Assistant Special Education Curriculum Manager Debra Washington had never met Marcella Pierce, but heard of the little girl down the bayou robbed of a normal life.
Marcella was the first person Washington thought about upon seeing a white robot during the Council for Exceptional Children’s annual convention in San Diego.
“And when I got back I reached out to the family and then the school. Then we consulted with VGo and got to work,” Washington said.
VGo offers robots that essentially gives people the ability to be in two places at once _ and move around as if they were in a second location.
The school district paid for the program and quickly designed a system to a include Marcella in the classroom.
“Even though she’s not physically there, she’s there,” Amy added.
Through Mar-2, Marcella interacts with her classmates and Bossier from home. She attends English and math lessons, about three hours each day. Her mom teaches her science and social studies.
Other students and Bossier will read to her and work with her on English assignments. She’s an active member in a math group each day.
Sometimes Marcella can stay for an extra lesson, but only as long as she can physically handle it.
“There’s about an hour and half break between English and math so that’s good because it gives her some time to rest,” Amy said.
Marcella sees everything on an iPad. She connects to VGo through an app and controls where it moves and can even “raise her hand” – an option that turns on a small flashing light to notify the teacher when she has something to say.
Marcella and Amy can move Mar2 and the camera serving as Marcella’s eyes. If she needs to go to another table to work with a group on a math problem, she can. If the teacher calls the class’s attention to the whiteboard at the front of the room, she can turn the camera to see what’s going on.
All Marcella needs is a reliable internet connection to become Mar2, short for Marcella 2. When it came time for the class picture, Bossier rolled the robot to the library and Mar2, with Marcella on the screen, is included in the picture.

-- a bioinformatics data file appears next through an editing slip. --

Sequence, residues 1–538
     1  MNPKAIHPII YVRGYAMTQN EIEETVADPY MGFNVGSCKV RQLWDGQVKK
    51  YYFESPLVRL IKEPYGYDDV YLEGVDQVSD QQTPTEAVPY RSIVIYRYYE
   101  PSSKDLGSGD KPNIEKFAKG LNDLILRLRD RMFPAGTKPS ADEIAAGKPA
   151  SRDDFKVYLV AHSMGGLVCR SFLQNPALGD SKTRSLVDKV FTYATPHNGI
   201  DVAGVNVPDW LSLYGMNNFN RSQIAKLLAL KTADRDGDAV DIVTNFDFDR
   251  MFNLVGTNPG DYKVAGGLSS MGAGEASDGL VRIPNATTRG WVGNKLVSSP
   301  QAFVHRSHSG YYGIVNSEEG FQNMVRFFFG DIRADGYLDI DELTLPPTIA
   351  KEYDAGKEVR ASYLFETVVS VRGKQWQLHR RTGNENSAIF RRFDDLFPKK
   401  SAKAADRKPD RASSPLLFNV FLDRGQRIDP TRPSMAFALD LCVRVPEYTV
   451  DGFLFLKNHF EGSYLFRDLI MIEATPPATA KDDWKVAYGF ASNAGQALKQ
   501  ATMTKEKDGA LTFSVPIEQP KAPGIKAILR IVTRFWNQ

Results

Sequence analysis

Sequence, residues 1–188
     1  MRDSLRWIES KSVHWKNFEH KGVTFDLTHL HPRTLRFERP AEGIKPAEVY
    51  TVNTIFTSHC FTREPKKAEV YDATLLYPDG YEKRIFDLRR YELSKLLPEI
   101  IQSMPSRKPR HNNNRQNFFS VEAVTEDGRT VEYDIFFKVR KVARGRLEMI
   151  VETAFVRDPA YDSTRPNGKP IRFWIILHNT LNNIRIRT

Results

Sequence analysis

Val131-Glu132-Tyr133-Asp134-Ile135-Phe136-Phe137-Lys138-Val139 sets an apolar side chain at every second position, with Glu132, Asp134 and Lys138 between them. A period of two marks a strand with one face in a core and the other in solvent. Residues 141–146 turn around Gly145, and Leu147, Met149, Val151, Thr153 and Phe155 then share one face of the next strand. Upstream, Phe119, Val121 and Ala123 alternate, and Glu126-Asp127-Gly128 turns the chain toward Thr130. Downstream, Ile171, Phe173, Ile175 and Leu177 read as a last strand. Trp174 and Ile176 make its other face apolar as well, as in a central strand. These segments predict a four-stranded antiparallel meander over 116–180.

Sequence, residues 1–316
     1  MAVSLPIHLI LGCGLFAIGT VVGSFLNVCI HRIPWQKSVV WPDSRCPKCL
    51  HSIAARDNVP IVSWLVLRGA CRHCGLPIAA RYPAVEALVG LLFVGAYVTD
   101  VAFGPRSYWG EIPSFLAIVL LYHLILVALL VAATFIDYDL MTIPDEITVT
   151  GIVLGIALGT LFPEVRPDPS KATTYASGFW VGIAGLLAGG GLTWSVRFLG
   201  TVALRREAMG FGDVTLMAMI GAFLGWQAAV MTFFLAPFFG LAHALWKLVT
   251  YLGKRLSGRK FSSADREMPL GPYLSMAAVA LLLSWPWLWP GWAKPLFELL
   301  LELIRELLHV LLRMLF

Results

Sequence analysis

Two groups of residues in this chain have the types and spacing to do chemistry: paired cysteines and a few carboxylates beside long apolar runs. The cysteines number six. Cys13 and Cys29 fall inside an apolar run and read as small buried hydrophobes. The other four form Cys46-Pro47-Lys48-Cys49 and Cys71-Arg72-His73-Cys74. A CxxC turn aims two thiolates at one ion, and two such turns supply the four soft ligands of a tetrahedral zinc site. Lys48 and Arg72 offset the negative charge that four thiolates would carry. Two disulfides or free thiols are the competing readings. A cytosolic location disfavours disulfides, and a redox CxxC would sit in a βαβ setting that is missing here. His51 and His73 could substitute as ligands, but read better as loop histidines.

“I always tell people, I don’t have 15 students, I have 16,” Bossier said.
Amy could homeschool her daughter. But the robot allows her Marcella to maintain connections with teachers and make friends in class.
“This is good not only for her academics, but also for her social skills,” Amy said.
“The students love it when it’s their turn to work with the Mar2,” Bossier added.
Grabbing a first grader’s attention is already difficult. Bossier was initially worried how much harder a robot in the room would make it.
“About a month or so in she just became a part of the class,” she said. “Every so often one of them will yell out, ‘Marcella’s here,’ but Mar2 has just become part of the group.”
Bossier and Amy text to stay in touch. Bossier lets her know when they’re about to start English and math. Amy lets her know when they’re connecting.
“I guess one of my lessons was pretty boring, because one day I caught her sleeping,” Bossier said, laughing. “I took a picture of her and sent it to Amy.”
South Larose Principal Terri Chiasson said the disease took away a good student.
“We love our Marcella,” Chiasson said.
Two of her classmates, Alexa Roberts and Caroline Hymel, became friends with Marcella through the robot.
“She talks to us when we need her to,” Hymel said. “Plus we have a robot in the class.”
“It’s like she’s a part of us,” Bossier added.